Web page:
SACRAMENTO, Calif. -- More people in California could be detained against their will because of a mental illness under a new bill backed Wednesday by the mayors of some of the nation's largest cities, who say they are struggling to care for the bulk of the country's homeless population.
Federal data shows nearly one-third of the country's homeless population lives in California, crowding the densely populated coastal cities of the nation's most populous state. California lawmakers have given local governments billions of dollars in recent years to address this, but often with mixed results that recently prompted a public scolding from Democratic Gov. Gavin Newsom.
Local leaders say their hands are tied in many cases because the people who need the most help refuse to take it. A state law allows courts to order people into treatment, but only if they are “a danger to themselves or others.” This new proposal would expand that definition to include people who, because of a mental illness or an addiction to illegal drugs, are not capable of caring for themselves or protecting their own safety.
“I'm often asked as mayor, 'why aren't you doing something about this person who is screaming at the top of their lungs on the street corner'? And I say, 'well, they're not a threat to themselves or to others' — and that rings hollow,” said Todd Gloria, Democratic mayor of San Diego, the nation's eighth largest city, with nearly 1.4 million people. “Our current rules sets the bar so high that we can't help that individual.”
Lawmakers have tried for years to expand the definition of gravely disabled — including a proposal last year that passed the Senate but never made it out of the state Assembly.
Deb Roth, senior legislative advocate with the advocacy group Disability Rights California, said her organization opposes the bill because it would expand the law “in a way that is highly speculative and will lead to locking more people up against their will and depriving them of fundamental rights, including privacy and liberty.”
“The response should be to invest in greater voluntary, culturally responsive mental health services and supports to help people get on a path to recovery while maintaining their dignity and civil rights,” she said.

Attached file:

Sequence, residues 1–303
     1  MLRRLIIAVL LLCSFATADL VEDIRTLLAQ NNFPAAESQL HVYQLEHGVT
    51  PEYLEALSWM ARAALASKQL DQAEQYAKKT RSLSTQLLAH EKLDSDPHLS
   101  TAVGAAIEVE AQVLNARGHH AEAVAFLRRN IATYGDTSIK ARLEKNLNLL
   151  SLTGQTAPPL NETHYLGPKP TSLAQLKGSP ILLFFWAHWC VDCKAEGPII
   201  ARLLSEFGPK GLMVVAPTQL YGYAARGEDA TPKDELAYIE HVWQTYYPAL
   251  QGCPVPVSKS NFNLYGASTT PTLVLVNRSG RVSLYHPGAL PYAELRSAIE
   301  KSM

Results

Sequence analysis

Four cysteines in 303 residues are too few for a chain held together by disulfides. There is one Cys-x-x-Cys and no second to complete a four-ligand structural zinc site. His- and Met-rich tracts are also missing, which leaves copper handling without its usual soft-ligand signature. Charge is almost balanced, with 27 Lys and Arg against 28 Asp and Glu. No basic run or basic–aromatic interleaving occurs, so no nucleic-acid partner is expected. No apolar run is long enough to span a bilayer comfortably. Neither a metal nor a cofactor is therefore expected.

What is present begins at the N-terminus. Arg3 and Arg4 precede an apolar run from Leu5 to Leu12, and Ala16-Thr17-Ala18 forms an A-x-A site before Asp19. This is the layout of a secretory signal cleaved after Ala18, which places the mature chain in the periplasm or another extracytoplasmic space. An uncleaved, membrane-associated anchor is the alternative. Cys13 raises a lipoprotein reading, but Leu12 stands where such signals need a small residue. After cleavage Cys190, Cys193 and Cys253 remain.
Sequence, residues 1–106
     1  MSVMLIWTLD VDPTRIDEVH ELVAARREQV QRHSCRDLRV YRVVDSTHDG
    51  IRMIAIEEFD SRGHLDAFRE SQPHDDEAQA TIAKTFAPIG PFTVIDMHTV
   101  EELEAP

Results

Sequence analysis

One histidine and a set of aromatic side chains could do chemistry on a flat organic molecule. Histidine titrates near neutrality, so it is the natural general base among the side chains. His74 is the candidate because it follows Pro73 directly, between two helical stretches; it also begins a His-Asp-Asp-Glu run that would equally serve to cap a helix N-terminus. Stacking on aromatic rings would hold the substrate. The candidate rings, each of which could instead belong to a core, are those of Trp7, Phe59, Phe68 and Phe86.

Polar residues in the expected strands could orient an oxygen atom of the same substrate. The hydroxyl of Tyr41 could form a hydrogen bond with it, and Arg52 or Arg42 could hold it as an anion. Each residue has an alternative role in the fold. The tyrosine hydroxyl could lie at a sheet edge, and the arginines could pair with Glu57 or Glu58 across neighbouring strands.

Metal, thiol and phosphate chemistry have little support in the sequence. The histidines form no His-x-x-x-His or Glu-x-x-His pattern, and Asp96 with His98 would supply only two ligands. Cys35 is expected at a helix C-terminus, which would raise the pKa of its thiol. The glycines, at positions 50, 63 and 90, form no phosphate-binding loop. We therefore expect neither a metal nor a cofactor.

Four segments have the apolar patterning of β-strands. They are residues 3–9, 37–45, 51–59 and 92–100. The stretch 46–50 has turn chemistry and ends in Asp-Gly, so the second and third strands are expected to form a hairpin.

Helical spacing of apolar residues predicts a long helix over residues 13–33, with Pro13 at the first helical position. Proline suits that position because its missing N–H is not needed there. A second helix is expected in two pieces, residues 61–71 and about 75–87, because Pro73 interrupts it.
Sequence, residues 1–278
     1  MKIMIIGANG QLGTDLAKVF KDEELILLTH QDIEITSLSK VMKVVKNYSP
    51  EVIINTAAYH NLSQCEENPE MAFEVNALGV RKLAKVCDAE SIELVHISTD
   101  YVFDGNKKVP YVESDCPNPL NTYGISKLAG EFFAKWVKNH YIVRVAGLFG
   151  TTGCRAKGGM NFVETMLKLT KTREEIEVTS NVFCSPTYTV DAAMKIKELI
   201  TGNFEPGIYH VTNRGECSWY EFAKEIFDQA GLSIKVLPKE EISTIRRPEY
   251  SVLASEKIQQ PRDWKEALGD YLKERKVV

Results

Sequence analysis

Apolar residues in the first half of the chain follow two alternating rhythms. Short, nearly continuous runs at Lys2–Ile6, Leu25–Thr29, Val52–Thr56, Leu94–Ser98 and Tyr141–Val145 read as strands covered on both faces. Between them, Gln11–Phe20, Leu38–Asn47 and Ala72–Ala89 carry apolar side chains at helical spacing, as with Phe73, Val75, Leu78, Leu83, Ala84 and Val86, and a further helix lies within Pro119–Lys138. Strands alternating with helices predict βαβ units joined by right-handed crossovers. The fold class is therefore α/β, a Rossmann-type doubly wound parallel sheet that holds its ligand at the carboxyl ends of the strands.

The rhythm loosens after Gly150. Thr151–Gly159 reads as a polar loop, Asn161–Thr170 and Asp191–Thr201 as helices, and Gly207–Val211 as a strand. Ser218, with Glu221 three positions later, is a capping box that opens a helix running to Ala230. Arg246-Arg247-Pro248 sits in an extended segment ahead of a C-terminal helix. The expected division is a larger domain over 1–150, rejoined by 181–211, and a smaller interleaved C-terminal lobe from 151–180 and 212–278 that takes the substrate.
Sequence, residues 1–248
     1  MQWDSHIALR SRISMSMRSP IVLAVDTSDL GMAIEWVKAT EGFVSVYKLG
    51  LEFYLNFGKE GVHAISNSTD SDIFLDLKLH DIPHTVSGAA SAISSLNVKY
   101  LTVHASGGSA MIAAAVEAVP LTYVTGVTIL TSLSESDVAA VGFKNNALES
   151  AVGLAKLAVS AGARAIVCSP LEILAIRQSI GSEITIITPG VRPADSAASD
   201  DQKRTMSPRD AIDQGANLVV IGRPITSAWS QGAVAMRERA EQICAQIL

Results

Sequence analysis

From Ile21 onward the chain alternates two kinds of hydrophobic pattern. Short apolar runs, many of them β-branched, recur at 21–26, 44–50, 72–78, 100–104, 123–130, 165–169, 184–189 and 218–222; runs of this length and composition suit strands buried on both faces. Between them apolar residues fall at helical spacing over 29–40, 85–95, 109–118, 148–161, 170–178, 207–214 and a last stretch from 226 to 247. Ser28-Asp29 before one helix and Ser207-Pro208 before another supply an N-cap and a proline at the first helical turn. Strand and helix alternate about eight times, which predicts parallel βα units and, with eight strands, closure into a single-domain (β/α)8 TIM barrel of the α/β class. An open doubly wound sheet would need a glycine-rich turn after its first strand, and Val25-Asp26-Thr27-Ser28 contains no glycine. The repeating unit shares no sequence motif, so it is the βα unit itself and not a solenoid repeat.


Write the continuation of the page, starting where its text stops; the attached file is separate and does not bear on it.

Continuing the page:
State Sen. Scott Wiener, a Democrat from San Francisco, said most homeless people do not have mental health or addiction problems, but a small percentage of people living on the streets are so severely debilitated that they are not capable of making decisions for themselves.
“We can't just plop them in a home and expect them to succeed,” he said. “Despite what some advocates say, it is not progressive to just sit by and let people deteriorate, fall apart and ultimately die on our streets.”
The bill is the latest attempt to update California’s 56-year-old law governing mental health conservatorships — an arrangement where the court appoints someone to make legal decisions for another person, including whether to accept medical treatment and take medications.
The issue drew the spotlight recently with the case of pop star Britney Spears, who was under a controversial conservatorship run by her father and an attorney before it was dissolved in 2021. But advocates said that was a different kind of conservatorship, with different rules than the ones lawmakers are trying to change.
Advocates point to the case of Mark Rippee, a Vacaville man who lived on the streets for years while his family pleaded for him to get help. He died in November.
“We do not want to bring anyone into the hospital who doesn’t need to be hospitalized. But when that time comes, and we cannot protect them, it is devastating,” said Emily Wood, chair of the California State Association of Psychiatrists Government Affairs Committee.
Last year, Newsom signed a law that created a new court process where family members and others could ask a judge to come up with a treatment plan for certain people with specific diagnoses, including schizophrenia. That law would let the judge force people into treatment for up to a year. This new bill would go beyond that by applying to more people — with a particular focus on people who are in imminent danger.
“This will hopefully just deal with a smaller subset of the population who struggles with mental health issues,” Eggman said.
Advocates said Wednesday they think they have enough support to get the bill passed this year, citing new leadership of some key legislative committees in the state Assembly.
Assembly Republican Leader James Gallagher spoke during Wednesday's news conference, a rare showing of bipartisanship:
“We have this cycle of devastation, of human devastation on the streets, of people who we all know need help and literally cannot get it because of the current law. It needs to change.”